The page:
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When it comes to trends and famous chefs working in the kitchen, they’re a tricky thing. You don’t want to be too heavily influenced by them but you can’t avoid them entirely, after all, inspiration is also an ingredient.
We’ve already highlighted 12 Food Trends predicted for 2015 by the market research company Nielson, but what food and restaurant trends do some of the world’s best chefs, the ones who generally set rather than follow trends, predict for 2015.
We reached out to chefs all over the world to ask them for their 2015 food trends.
“Peruvian sandwich shops called sangucherias”.
“There are a lot of young peruvian chefs trained all over the world that are putting small, great sandwich style shops with Peruvian flavour, from japan to Brussels, or Montreal...marinated and roasted pork or chicken with Peruvian spices, served in fresh bread with spicy Peruvian sauces inside.”
“I’m positive about the South America kitchen culture and the cooks. Peru is already hot-spot of culinary kitchen; very trendy at the moment and will develop more and more. Not least for all the products that South America is having that are partly unknown in Europe. That makes it very interesting for European cooks.”
“After the trend of ‘molecular’ practice that comes from the Northern part of Europe and lasting for the last couple of years, and influenced also the Latin American kitchen, it will definitively be South America kitchens that set the trend in 2015.”
“I think that Mexican cuisine will be something to watch next year, we have seen already that people are getting more excited about what is happening in my country at the moment, with a lot of great food and restaurants here.”
“But also great Mexican restaurants opening in different spots around the globe, like Cosme in NY with Enrique Olvera or Hoja Santa and Niño Viejo of the Adria Brothers with Paco Mendez.”
“Another great thing that is happening is the old craft of cooking in open fires. Whole animals: ducks, squabs and many more animals (most of them hunted) cooked just like in the old good times, with herbs, a lot of butter - taking care of every detail of the animal. We will see a lot of this cooking method again.”
“The increasing importance of vegetables on the menu will continue to grow in my opinion, so the ratio protein towards vegetables will reduce and more menu items based purely on vegetables, cereals, mushrooms & fruits.”
“The reason behind it is that from a sustainable point of view that this is the only way forward, but also is it a healthy choice, people are looking for healthy and lighter options and vegetables, mushrooms are fitting that objective perfectly. We have moved to a higher ration vegetables proteins over the past year and people are ready for it even in a protein driven city as Hong Kong.”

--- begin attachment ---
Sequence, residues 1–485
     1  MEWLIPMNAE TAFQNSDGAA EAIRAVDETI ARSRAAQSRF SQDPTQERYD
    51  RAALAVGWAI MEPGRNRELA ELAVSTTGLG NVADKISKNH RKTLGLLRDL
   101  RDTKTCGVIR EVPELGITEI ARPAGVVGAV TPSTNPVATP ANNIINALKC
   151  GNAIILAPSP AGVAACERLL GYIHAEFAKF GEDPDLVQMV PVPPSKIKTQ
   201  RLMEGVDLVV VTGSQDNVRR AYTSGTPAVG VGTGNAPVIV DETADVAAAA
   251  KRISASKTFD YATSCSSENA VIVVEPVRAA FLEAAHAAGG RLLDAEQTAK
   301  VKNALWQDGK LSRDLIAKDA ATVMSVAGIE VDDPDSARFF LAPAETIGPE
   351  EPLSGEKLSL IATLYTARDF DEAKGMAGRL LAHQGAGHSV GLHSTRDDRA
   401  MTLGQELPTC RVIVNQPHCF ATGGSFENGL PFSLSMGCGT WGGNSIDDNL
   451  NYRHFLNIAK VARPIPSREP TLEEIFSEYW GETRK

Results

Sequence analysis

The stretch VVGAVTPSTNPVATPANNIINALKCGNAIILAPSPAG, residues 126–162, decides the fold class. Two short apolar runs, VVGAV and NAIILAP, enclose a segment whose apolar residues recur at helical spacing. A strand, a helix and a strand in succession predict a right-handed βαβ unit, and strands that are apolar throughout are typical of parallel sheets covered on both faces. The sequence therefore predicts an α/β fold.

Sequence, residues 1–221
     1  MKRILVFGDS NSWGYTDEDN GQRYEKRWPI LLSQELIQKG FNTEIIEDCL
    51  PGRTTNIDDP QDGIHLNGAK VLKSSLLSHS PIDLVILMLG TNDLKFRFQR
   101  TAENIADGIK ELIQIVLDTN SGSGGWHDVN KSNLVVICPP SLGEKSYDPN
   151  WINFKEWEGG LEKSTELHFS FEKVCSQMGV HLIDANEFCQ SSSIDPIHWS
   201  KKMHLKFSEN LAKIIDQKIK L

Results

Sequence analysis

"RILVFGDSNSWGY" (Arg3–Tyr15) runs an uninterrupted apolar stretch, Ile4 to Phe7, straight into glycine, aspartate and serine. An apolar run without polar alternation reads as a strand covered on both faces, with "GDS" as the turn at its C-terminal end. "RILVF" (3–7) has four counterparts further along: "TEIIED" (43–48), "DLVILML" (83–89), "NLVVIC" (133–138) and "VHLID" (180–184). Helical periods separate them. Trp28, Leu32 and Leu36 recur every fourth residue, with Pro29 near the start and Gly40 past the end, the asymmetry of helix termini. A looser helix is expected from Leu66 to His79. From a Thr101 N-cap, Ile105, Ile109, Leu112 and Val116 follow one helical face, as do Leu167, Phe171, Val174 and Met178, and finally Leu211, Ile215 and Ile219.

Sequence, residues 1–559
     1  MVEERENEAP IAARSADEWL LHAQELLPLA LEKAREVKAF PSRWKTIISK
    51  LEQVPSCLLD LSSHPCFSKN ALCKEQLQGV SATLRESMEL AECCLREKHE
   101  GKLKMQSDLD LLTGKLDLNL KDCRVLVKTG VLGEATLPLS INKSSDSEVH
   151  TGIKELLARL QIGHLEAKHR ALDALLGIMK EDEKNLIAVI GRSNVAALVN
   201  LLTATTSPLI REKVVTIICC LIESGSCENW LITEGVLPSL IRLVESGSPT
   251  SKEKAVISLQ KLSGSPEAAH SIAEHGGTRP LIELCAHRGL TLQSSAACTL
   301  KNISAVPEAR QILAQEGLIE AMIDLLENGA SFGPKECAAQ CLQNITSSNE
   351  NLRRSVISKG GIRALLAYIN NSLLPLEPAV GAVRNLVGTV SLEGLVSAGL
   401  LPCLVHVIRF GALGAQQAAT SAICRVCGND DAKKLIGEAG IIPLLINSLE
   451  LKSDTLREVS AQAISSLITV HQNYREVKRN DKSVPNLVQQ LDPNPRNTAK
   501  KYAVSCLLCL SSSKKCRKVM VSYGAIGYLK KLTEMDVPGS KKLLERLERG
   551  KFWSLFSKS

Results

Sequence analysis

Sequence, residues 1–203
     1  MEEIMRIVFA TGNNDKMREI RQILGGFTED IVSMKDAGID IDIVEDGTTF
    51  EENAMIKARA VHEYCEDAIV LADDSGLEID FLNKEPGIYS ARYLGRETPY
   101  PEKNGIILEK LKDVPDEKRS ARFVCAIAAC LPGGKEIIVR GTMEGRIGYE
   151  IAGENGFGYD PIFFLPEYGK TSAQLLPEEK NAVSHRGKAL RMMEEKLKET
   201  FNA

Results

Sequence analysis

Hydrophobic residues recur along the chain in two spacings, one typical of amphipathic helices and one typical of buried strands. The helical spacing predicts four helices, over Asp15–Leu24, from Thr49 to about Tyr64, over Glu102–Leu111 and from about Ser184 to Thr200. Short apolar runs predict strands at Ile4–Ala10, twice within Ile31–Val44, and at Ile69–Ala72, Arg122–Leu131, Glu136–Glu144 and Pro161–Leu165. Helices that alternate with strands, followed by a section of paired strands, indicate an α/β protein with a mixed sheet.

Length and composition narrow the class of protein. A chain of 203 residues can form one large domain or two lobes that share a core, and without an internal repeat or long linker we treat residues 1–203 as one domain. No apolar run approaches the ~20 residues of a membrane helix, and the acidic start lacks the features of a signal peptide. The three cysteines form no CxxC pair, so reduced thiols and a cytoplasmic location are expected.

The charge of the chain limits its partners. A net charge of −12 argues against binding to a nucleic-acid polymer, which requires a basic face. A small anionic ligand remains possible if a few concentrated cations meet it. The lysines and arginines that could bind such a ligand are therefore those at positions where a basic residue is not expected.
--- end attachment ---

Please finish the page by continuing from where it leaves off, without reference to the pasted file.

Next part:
“I don't see any new big culinary trends coming, by that I mean sweeping styles that dominate the field. I really think we are in that period of plateau and it will take some time before someone discovers the new ground breaking thing that everyone tries to follow. (like, Ducasse, TFL,elBulli, Noma in their respective eras)”
“If I were to be honest I think Lima/South America has already passed. I think Nordic will continue as it did this year, strong in influence and popularity, and with that fermentations, "foraging" and insects will remain topics. Pop-ups will increase, and continue to be cool. Noma Japan, Roca around the world, Alinea in NYC and perhaps elsewhere, French laundry closing for renovation and popping up during that period etc etc. all will happen this year.”
“It’s finally catching on that a restaurant doesn't need a permanent address. Keller used Harrod's, Alinea used EMP and Per Se/TFL, Noma in Japan, Mugaritz went to Lima but now it is, and will continue to trickle down next year. Even restaurants right here in Chicago are embracing the idea of Next and realizing not only do you not need a permanent address but you don't even need a permanent theme/style/cuisine or even chef.”
“We will have the continuation of live wood fire cooking, more chefs then ever will put out cookbooks as that seems to be getting easier and easier to do. The prioritization of non-GMO, food waste, and sustainability will become more popular talking points for the worlds best chefs at congresses, Ted talks, and any platform that we can talk. I think food criticism and media will continue to change dramatically as people turn more to the web and chefs continue to be frustrated with unfair or unknowledgable journalism. It won't be long before some of the younger chefs that are established try to rock that boat harder to disrupt what they feel is unjust.”
“I think it is a strange time now in gastronomy. With the popularity of less formal dining colliding with the media evaluating places like Per Se and equating or even placing restaurants like Atera higher, the culinary world has lost its beacon on what is the ultimate. This disruption is great, and challenges the systems, but it does produce all of us to wonder what will stick and what is next.”